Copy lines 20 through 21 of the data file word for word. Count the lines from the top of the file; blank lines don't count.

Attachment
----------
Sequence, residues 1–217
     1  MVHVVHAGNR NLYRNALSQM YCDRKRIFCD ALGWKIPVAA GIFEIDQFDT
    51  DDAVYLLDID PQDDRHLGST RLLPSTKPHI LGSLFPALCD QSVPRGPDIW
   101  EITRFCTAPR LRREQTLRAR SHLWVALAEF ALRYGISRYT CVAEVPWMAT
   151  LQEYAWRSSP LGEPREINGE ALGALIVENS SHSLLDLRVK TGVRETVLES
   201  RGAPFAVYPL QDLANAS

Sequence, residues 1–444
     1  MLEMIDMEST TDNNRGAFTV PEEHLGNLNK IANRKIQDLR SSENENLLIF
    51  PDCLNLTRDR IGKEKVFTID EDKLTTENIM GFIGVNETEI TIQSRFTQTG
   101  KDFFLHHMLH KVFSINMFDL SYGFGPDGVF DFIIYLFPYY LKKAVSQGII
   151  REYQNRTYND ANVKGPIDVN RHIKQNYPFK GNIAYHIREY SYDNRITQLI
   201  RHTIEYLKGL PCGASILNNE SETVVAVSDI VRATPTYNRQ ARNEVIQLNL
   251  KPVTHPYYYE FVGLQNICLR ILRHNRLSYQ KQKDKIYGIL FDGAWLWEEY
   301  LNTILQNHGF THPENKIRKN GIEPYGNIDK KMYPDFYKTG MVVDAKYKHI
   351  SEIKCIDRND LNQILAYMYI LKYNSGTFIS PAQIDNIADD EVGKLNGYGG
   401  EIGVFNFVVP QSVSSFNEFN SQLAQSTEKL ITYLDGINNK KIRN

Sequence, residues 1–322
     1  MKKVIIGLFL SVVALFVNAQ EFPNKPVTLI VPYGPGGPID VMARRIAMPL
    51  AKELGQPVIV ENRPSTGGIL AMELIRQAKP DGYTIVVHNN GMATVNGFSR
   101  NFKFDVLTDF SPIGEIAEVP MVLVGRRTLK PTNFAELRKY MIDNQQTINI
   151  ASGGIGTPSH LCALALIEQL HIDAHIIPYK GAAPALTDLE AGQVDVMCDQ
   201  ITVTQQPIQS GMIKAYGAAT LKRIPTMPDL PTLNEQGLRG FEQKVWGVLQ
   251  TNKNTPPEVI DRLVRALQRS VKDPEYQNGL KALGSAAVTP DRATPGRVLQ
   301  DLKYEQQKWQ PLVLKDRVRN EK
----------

   101  NFKFDVLTDF SPIGEIAEVP MVLVGRRTLK PTNFAELRKY MIDNQQTINI
   151  ASGGIGTPSH LCALALIEQL HIDAHIIPYK GAAPALTDLE AGQVDVMCDQ